Life among the stars: Local agency helps lead teens away from trouble

Photo by Sue Suchyta

Photo by Sue Suchyta


Cori, a 19-year-old from southwest Detroit, is a Starfish success story. Once afraid of change, she now embraces it as she finishes high school, starts a new job and considers majoring in animal science in college.

By SUE SUCHYTA
Sunday Times Newspapers

INKSTER – As if being a teen wasn’t already hard enough, imagine trying to make it on your own without the help of family.

Starfish Family Services, which has been helping children and families in southeastern Michigan to create new futures for nearly half a century, recently recognized the increasing need to help at-risk teens bridge safely and successfully into adulthood.

Counselors say many teens in southeastern Michigan face that daunting challenge when they transition from the state’s foster care system to independent living. Social workers say many simply do not have family to whom they may safely return when they legally become adults.

Last year Starfish, which has 14 sites throughout the metropolitan Detroit area, started its Transitional Living program to help meet that need.

Starfish’s main mission is to work with and strengthen families as a unit and recently has begun to focus on early childhood education, said Cheree Madison, a program manager Starfish Family Services Counterpoint Shelter and Crisis Center, 715 Inkster Road in Inkster.However, workers often encounter troubled adolescents who are in crisis, are runaways or are homeless.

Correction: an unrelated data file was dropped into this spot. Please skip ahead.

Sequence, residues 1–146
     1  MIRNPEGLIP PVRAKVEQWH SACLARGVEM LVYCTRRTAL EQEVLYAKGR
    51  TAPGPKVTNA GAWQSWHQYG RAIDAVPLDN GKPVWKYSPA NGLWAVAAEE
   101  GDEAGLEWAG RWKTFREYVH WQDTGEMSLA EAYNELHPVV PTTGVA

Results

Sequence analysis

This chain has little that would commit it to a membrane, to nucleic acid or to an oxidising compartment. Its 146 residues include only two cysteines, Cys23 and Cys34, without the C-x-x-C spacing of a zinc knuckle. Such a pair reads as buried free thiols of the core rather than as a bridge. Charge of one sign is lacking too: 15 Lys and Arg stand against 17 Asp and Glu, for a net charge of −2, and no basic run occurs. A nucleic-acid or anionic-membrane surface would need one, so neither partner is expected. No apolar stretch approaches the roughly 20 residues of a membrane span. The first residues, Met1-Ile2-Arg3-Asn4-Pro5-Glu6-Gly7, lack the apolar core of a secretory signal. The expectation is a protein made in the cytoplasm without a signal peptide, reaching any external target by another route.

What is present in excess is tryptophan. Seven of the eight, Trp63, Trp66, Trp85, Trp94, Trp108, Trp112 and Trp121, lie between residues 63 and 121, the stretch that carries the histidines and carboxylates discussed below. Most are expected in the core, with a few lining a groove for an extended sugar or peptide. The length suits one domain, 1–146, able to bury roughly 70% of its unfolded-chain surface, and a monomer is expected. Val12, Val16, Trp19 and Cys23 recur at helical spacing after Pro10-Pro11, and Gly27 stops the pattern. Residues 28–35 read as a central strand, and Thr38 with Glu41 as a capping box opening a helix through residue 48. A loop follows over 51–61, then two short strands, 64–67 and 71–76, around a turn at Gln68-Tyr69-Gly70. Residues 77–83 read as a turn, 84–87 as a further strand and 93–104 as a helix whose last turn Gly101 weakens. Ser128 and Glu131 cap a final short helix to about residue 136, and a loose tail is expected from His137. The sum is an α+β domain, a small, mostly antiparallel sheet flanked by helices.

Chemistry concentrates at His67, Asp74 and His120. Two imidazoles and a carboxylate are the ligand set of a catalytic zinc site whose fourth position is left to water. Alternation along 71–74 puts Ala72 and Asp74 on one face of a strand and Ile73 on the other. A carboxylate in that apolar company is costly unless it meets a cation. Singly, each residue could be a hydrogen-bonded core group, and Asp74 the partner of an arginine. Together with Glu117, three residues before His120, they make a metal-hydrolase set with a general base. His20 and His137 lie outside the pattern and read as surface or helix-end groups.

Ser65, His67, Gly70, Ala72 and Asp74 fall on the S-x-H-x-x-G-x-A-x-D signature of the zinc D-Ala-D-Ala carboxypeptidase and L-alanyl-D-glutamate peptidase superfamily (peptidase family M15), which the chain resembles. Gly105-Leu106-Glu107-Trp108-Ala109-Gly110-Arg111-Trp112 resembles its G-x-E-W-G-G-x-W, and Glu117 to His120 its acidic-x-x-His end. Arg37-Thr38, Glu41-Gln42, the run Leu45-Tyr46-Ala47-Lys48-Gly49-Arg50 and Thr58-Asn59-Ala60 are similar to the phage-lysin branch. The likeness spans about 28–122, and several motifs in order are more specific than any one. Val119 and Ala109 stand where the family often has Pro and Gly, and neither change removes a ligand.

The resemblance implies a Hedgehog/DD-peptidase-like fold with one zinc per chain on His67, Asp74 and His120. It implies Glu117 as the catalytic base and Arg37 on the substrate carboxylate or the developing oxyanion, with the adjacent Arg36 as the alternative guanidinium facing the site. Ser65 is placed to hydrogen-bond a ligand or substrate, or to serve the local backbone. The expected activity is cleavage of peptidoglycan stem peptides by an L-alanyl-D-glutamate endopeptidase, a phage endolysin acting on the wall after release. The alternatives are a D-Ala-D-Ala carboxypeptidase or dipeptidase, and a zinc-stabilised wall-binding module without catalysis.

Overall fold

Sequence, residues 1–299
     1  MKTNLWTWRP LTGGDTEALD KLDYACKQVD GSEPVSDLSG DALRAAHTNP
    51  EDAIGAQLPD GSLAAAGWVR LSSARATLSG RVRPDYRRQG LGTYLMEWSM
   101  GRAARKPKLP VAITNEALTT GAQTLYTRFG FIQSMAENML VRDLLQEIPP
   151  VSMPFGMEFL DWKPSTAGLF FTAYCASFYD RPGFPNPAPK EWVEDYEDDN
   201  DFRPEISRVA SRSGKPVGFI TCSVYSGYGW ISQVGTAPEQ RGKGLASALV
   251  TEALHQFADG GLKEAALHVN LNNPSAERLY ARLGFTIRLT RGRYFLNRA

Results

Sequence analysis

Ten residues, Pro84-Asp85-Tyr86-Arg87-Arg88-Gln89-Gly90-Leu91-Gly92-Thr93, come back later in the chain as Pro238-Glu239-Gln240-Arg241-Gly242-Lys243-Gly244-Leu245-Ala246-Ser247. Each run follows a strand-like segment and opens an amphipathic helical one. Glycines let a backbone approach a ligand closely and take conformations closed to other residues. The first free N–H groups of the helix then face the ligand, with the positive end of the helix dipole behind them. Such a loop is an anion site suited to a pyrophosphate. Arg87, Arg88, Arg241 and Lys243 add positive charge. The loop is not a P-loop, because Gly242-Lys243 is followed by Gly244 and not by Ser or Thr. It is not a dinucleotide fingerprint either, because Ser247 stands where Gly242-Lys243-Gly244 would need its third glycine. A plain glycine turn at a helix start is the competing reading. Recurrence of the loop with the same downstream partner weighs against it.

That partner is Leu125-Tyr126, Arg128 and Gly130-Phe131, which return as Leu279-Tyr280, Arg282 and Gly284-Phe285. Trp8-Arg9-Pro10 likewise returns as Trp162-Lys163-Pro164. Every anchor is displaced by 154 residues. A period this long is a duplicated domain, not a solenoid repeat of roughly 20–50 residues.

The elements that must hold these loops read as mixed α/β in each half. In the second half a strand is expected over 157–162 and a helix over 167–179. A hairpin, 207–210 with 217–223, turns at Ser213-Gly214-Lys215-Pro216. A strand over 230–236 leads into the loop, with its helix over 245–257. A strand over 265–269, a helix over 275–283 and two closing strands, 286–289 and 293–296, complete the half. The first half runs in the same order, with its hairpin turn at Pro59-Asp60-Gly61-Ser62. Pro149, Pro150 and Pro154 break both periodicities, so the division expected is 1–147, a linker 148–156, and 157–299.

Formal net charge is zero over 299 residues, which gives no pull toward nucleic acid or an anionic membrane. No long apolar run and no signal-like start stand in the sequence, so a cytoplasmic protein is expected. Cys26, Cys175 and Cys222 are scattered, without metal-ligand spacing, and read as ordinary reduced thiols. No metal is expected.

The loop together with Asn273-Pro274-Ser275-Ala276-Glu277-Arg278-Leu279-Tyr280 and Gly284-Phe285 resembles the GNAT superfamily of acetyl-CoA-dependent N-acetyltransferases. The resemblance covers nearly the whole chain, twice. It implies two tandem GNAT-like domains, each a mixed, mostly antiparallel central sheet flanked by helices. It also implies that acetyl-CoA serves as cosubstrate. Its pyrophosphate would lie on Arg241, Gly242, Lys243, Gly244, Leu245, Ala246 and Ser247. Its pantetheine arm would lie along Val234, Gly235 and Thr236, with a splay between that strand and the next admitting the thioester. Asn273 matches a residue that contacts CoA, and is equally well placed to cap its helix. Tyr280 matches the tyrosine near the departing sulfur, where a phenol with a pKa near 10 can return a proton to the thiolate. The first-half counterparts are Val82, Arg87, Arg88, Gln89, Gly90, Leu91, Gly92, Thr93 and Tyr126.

“The idea is that if you treat the family as a whole and work with them as a system, you can actually help that child,” Madison said.

The agency needs adult volunteers who are open-minded and can teach basic life skills, such as reading nutritional labels on food packages and preparing healthy meals.

Many are a year or two behind in school, she said, and many have given up on it altogether. To be in a Starfish program, however, they must get back in school and get a part-time job. The agency provides tutoring as part of its program.

“The idea is that it is not a facility, it is a program,” Madison said, “and I think sometimes that is the difference. A facility means you just sleep there. You get to leave and you have to come back at a certain time.

“We run a program. We have groups, we have counseling, we have case management, we have community night, we have activities. We have exercise night, we have book club night. It’s just an array of different things to teach this child that there are so many resources in a community – (and that) you have to use them.”